Clap Your Hands Makes Some 'Thunder'

Detail from the CD cover of 'Some Loud Thunder'.

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The rock band Clap Your Hands Say Yeah released its first record last year, on its own label. But in short order, the Brooklyn-based quintet became an Internet darling. Thousands flocked to the band's MySpace page to hear its songs and buy its CD.

Bloggers also began to hurl extra-large superlatives its way. Pretty soon, major labels came knocking, but the band decided to remain independent.

This week, it is releasing its second record on its own label: Some Loud Thunder.

The CD starts off with distortion, and shows signs of the "thinking-too-much-about-the-second-record" blues. But just when it feels like Clap Your Hands Say Yeah is deliberately sabotaging its reputation, along comes the gem "Safe and Sound."

That's pretty much the pattern throughout this maddening and often brilliant record. The band starts by pushing listeners away, and as the record unfolds, gradually lets them come closer. Sometimes the music is totally opaque and cloudy. And sometimes singer and songwriter Alec Ounsworth's words seem like a streak of disconnected images, breadcrumbs on a path.

But by the last few songs, Ounsworth changes his tactics as a lyricist. On a song called "Yankee Go Home," he sketches a more precise/literal picture of an ugly American on holiday.

No doubt about it: The new record from Clap Your Hands Say Yeah is more challenging than the band's debut. But there's more going on than random distortion and oscillating goop. Spend enough time with it, and you begin to hear gorgeous melodies rising from the din. And then you realize: This record won't spill all its secrets the first time through. But that doesn't mean there aren't secrets waiting in there.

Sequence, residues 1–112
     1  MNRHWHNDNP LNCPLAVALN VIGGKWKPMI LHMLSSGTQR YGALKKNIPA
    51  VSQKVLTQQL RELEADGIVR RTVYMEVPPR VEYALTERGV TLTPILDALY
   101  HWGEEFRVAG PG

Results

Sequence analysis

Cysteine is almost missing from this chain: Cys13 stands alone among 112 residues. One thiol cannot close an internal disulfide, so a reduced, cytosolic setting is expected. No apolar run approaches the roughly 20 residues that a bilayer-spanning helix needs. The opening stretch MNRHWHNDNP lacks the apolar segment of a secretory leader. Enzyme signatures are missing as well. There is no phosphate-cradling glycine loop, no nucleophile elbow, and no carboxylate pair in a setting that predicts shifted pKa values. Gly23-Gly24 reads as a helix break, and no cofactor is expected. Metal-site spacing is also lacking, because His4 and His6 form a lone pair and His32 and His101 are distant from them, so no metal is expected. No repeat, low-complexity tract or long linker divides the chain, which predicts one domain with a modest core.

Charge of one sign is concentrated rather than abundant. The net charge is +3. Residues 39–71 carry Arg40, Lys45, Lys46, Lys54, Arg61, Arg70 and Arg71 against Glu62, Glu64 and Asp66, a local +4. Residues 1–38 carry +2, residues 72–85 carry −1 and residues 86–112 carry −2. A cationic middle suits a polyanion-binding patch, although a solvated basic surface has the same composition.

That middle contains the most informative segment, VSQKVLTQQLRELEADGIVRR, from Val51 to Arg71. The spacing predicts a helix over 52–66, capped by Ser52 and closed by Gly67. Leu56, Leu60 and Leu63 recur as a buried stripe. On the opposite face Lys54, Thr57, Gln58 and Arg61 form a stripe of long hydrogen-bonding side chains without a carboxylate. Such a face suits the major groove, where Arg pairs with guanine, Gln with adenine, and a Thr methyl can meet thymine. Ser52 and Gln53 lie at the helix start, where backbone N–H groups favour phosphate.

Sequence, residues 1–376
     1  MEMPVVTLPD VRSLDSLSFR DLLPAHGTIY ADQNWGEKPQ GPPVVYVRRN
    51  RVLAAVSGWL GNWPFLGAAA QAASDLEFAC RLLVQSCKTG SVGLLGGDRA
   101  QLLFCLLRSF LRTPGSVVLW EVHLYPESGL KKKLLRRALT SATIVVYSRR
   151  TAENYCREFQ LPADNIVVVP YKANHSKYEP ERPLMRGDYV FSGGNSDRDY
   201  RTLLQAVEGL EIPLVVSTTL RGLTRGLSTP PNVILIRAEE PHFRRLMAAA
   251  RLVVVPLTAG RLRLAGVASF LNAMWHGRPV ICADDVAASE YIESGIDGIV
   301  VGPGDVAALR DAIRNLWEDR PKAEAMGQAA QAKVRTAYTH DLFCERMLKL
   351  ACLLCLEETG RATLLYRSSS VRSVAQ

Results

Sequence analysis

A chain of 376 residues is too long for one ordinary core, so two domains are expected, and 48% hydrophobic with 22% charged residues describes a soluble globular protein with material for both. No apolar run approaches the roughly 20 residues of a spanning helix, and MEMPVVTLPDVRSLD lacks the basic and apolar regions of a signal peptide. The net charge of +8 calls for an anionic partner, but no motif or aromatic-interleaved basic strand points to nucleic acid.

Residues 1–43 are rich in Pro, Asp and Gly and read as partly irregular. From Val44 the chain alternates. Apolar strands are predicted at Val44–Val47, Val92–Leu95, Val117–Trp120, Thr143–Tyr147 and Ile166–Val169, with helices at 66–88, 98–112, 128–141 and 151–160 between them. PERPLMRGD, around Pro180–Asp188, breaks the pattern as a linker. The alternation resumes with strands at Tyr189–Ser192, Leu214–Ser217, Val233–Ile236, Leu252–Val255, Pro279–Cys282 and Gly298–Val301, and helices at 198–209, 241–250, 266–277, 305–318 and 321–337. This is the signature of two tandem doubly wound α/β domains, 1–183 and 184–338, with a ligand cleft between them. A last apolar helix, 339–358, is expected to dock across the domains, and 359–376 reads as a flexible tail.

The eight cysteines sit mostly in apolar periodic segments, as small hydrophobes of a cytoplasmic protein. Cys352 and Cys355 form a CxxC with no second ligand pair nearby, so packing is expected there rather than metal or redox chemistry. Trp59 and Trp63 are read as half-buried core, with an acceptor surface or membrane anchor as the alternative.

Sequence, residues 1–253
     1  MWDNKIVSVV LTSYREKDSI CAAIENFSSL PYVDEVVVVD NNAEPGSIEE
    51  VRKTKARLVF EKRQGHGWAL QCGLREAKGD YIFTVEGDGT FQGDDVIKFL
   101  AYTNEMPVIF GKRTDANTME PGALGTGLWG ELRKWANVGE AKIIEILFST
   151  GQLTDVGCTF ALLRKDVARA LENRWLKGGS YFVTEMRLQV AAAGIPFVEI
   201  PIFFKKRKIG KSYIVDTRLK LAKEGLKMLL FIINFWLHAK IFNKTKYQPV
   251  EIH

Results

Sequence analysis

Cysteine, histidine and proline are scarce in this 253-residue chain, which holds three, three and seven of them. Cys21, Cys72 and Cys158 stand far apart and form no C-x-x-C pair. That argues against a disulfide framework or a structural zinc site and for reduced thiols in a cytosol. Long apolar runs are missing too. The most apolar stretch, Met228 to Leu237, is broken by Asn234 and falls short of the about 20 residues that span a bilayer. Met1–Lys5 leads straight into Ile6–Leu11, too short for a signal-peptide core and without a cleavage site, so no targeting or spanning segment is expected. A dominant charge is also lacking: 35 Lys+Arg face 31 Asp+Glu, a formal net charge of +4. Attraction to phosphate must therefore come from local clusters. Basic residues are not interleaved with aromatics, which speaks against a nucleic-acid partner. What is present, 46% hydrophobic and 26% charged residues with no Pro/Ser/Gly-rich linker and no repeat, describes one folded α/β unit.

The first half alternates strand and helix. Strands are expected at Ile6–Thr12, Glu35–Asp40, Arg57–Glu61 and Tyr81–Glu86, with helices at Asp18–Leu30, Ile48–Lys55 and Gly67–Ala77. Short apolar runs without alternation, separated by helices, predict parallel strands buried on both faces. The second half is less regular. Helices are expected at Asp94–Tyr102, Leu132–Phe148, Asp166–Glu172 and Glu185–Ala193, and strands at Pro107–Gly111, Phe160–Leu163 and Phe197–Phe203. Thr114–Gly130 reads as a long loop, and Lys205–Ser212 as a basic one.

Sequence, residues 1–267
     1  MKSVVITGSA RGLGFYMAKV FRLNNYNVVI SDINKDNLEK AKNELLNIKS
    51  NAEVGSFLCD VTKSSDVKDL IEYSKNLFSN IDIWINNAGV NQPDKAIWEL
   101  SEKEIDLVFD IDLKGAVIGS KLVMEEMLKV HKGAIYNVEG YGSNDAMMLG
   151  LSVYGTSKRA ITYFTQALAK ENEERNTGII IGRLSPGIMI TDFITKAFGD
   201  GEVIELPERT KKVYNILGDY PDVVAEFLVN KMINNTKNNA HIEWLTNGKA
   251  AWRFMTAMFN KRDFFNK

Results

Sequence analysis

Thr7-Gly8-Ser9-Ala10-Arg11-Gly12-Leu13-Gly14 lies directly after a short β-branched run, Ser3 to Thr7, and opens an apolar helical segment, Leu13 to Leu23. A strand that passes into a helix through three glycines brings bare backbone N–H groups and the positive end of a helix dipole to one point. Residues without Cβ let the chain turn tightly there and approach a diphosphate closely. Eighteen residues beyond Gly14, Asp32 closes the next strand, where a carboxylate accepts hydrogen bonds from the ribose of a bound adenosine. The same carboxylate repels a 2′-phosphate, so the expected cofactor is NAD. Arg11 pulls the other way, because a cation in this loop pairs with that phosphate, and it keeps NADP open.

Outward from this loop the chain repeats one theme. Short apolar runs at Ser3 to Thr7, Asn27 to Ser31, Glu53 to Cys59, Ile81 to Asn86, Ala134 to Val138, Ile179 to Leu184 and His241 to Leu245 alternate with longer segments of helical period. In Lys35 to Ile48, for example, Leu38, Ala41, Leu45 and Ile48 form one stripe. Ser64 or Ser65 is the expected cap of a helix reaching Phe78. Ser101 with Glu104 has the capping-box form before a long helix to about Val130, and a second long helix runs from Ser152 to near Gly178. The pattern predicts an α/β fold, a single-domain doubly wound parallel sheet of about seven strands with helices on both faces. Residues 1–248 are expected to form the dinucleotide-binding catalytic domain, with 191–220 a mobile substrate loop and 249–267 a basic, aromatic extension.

Clap Your Hands Say Yeah In Concert

Listen: Clap Your Hands Say Yeah in Concert on All Songs Considered

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Clap Your Hands Say Yeah Mattias Elgemark hide caption

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Clap Your Hands Say Yeah

Mattias Elgemark

Clap Your Hands Say Yeah bring their quirky and ever-addictive brand of artful, indie pop to Washington, D.C.'s 9:30 Club for a full concert, originally webcast live on NPR.org Mar.

The Brooklyn-based group is known not only for its passionate, inspired music, but also for redefining the art of do-it-yourself record production and promotion. They released their self-titled debut CD on their own label (also called Clap Your Hands Say Yeah), distributed it to stores and radio stations and promoted it through their Web site entirely on their own. The subsequent online buzz and airplay shot Clap Your Hands Say Yeah to what counts as major stardom in indie music circles.

According to the band's official bio, "Clap Your Hands Say Yeah was conceived in the belly of the Great Whale. Upon departure, its members floated to shore. Five arrived alive: Alec Ounsworth, Sean Greenhalgh, Tyler Sargent, Lee Sargent, and Robbie Guertin. They are multi-instrumentalists under the age of 48. The live arrangement is as follows: Alec Ounsworth, guitar and vocals, Sean Greenhalgh, drums and percussion, Tyler Sargent, bass and backing vocals, Lee Sargent, guitar and keyboard and backing vocals, Robbie Guertin, guitar and keyboard and backing vocals. Alec Ounsworth lives in Philadelphia, Pa. Sean Greenhalgh, Tyler Sargent, Lee Sargent, and Robbie Guertin live in Brooklyn, N.Y. They are citizens of the United Sates of America. Alec Ounsworth writes the songs for the project in Philadelphia. The songs are then transported to New York (via bus, car, or train), shaped, re-shaped, finally reaching a certain completion that returns again to the belly of the Great Whale and is initially and finally Clap Your Hands Say Yeah."

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